An example of the commitment to employees was not cutting pay during the pandemic. 

“We’re committed to local news,“ she said. ”I have a journalism background. Soo Kim has strong feelings about journalism and our commitment to it and investing in it.”

Standard General pointed to its leadership as a key reason why the deal is in the public interest. “This is going to be a really special transaction because it creates by far the largest minority-owned and female-led TV broadcast company in the U.S., '' McDermott said. “This is really furthering the commission’s goals of increasing diversity in broadcast stations ownership and management.”

Also: Standard General Says Change Will Be Good for Tegna

A majority of the Standard Media board will be women and half of the board will be minorities. “Soo Kim and I are committed to increase diversity, equity and inclusion across the business and we want to ensure that we reflect the communities we serve.”

The company will be better able to make long-term investments in the stations because it will be privately held and not bound by the pressure of making quarterly reports for Wall Street, she said.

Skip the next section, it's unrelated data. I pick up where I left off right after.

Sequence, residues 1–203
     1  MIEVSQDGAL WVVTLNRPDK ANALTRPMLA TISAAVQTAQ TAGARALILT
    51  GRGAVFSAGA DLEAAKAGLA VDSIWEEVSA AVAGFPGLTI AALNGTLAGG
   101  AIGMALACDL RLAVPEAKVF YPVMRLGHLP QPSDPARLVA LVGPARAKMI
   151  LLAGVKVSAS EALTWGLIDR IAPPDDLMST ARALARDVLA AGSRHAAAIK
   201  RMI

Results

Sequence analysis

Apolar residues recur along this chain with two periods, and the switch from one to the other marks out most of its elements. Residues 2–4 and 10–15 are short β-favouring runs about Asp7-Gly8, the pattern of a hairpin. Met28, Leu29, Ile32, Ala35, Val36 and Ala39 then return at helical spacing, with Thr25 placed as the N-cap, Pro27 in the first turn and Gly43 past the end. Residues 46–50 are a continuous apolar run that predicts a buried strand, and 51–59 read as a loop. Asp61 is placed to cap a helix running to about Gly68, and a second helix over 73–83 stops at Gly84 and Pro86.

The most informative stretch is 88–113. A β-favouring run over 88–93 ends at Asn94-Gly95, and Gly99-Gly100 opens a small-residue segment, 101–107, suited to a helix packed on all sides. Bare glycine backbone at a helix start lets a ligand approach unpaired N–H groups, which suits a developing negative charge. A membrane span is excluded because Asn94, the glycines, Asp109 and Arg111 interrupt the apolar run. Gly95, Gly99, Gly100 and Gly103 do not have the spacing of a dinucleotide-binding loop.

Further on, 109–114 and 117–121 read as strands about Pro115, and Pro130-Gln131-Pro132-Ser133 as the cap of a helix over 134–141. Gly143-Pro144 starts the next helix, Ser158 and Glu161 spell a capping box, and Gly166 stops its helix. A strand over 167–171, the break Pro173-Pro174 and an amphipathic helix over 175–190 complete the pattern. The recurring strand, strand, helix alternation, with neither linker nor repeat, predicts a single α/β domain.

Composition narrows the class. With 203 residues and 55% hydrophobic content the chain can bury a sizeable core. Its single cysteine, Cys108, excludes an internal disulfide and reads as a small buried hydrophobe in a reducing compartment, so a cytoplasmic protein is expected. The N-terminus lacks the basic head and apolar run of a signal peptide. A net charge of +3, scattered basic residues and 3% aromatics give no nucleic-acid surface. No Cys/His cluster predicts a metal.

Decentralized Approach

McDermott said Standard Media takes a decentralized approach to managing stations. “The people at the television stations know what they need. If you hire good people, they’re going to do a good job,” she said. Rather than dictating from corporate, “we come in and we work with the people at the station to say, ‘What can we do to grow? Tell us what you think.’ Sometimes we bring in consultants to help, but they are a critical part of that growth.”